I recently read the brilliant Barbarian Days and in it, William Finnegan talks about how he hit his surfing peak at 27. He also claims that he’s never seen anyone’s surfing improve as they got older, with the exception of a single one of his friends.
Now, I should point out that William’s standards are pretty high. I don’t expect he’d view anything I do in the sea as surfing. But still, I’m 33. I’ve been “surfing” in some form or other since I was 14, and I’m still really quite rubbish. I don’t feel like I’m at the stage where I want to accept that I’m going to to get worse. I want to improve, and I think that the level I’m at (i.e. low) that improving *is* totally possible.
In fact, I definitely I feel like I have improved in the last three years since I turned 30. I’ve caught all my most memorable waves in the last three years, my pop up is much more consistent and I remember to look where I’m going more of the time. The other thing that has improved is my confidence in the surf and surely the more time you spend in the sea the better you’ll be able to read the waves.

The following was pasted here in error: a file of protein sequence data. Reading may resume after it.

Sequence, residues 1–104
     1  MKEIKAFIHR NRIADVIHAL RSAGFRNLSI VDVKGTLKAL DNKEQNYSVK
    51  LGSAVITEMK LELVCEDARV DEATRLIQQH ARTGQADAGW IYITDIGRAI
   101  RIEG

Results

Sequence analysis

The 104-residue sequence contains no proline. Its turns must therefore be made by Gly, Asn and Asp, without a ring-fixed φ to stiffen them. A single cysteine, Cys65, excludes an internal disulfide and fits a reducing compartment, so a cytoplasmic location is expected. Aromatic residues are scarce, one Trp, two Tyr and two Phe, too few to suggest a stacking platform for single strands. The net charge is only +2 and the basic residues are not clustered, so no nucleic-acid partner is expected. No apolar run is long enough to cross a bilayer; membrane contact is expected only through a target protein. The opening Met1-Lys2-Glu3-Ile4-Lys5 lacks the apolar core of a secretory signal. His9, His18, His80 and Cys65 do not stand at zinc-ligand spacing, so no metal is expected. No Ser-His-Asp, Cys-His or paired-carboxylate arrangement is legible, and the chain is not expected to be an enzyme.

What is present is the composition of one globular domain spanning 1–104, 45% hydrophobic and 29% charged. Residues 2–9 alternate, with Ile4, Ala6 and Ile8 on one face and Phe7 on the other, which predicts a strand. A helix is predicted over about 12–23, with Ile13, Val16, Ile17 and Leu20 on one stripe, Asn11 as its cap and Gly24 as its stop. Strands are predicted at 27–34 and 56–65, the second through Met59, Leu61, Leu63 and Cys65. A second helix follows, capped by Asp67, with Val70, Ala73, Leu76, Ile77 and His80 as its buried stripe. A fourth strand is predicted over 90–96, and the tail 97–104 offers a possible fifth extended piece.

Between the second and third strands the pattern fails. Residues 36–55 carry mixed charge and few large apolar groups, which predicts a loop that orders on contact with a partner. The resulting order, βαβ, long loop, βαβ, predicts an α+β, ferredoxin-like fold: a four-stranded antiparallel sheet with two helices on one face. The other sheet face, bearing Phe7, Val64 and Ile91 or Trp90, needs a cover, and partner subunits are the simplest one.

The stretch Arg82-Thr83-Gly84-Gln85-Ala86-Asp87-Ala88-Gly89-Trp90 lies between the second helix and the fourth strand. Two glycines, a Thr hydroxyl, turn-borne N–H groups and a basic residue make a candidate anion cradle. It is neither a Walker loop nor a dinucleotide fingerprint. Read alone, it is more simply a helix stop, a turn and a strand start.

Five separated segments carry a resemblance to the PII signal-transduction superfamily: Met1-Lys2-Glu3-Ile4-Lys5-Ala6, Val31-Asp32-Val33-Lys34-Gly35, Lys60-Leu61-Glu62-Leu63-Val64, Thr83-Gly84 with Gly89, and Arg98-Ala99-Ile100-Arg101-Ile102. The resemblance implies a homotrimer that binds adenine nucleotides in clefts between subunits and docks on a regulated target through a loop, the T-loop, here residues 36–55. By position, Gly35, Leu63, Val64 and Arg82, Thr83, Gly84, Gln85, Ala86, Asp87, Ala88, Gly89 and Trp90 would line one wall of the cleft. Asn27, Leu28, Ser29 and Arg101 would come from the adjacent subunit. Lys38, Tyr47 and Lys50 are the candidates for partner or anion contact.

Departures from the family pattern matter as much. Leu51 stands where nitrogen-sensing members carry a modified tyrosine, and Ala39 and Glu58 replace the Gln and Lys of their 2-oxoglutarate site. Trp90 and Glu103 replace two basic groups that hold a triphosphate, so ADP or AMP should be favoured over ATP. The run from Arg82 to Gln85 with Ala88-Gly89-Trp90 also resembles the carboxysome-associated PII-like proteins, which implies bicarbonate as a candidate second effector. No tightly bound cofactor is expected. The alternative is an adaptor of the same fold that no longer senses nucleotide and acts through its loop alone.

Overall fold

What stops you getting better?
I guess what it comes down to is what stops you improving. For me, the two main things I feel that hold me back are fitness and fear. Granted, general fitness may decline as the years go on, but there’s an element of personal control – I’m much fitter now than when I was 25, because I’ve committed to change it. I’m also learning more ways to deal with fear as I get older.
For expert surfers perhaps William’s words are true – but for the average beginner or intermediate, I’ve decided to believe improving is possible.
Things that give me hope as an over-30 surfer
- Gwyn Haslock – still surfing with gusto (I’ve surfed next to her) at 71.
- Kelly Slater – still arguably improving, and among the world’s best, at 45.
- This post by Kook Bitches, about surfing after 40.
- Joel Parkinson, who didn’t win his world title until the age of 31.
- Alexandra Florence – still dropping in on John John (and the skate park) after 40.